In the decades since, China has focused on commercial satellite launch, only recently refueling the manned program, which got a new lift recently with a series of successful launches of the Shenzhou craft.
Of course, they have had help, particularly with Project 921. In 1994 or 1995, Chinese officials went on a shopping spree in cash-starved Russia, returning with space suits, rocket engines and plans for a docking system.
Two Chinese astronauts went a year or two later for training at Yuri Gagarin cosmonaut center in Star City, Russia. There was a major stir when Chinese media named them as astronauts Wu Jie and Li Qinglong, but the pair are widely believed to be trainers rather than members of the current 12-man space team.
The Shenzhou spacecraft is modeled upon Russia's bell-shaped Soyuz, with a modified modular design that seems increasingly important to its future space plans. Like Soyuz, the Shenzhou includes a forward orbital module, re-entry capsule and aft-service module.
There is more space for scientific experiments thanks to a supplemental pallet in the forward portion of the orbital module.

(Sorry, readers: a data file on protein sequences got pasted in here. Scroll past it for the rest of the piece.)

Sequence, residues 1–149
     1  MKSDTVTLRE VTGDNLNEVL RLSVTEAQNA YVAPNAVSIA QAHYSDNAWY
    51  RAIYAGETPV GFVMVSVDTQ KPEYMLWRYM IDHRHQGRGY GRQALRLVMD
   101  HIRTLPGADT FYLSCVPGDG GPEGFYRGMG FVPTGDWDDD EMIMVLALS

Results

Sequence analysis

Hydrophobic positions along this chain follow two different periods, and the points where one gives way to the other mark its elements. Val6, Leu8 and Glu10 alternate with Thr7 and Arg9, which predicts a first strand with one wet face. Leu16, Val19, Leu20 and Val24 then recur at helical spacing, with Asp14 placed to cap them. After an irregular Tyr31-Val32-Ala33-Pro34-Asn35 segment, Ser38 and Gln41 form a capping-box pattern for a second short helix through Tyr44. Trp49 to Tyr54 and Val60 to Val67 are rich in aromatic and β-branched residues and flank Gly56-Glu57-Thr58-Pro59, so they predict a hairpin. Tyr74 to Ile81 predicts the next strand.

More importantly, the orbital modules can be left in space where, equipped with independent propulsion and remote control, they can be used to practice docking and other maneuvers essential to manned flight.
The Shenzhou II module orbited for seven months. Shenzhou III's module is still circling the Earth, awaiting a possible rendezvous with Shenzhou IV, which should be launched later this year. Many speculate that these modules could be linked together in the future as a small but innovative Lego-like space shuttle.
Chinese officials, predictably, play up domestic design while discounting Russian elements. Officials and academics interviewed for this story invariably snapped at any mention of Russian help.
Perhaps understandable when one factors in the cost of what many deride as an enormous prestige-building program. Spending estimates range from $2-3 billion annually, a huge sum for any developing nation.
Public pride is clearly an important part of Project 921, yet space booster-ism can still reach absurd levels, even in a country renowned for flag waving.
At May's National Science and Technology Week exhibit in Beijing (May 2002), Wang Zhuang and Zheng Songhui, chief designers of Shenzhou III, grew irked over queries about the similarity of a capsule and space suit on display to Russian gear.
"Made In China!" Wang shouted, pointing to the capsule. Introducing some space food, Zheng repeated the phrase, but in English, as if directed at the foreign press. It made me recall a odd film screened in the Chinese capital a couple years ago.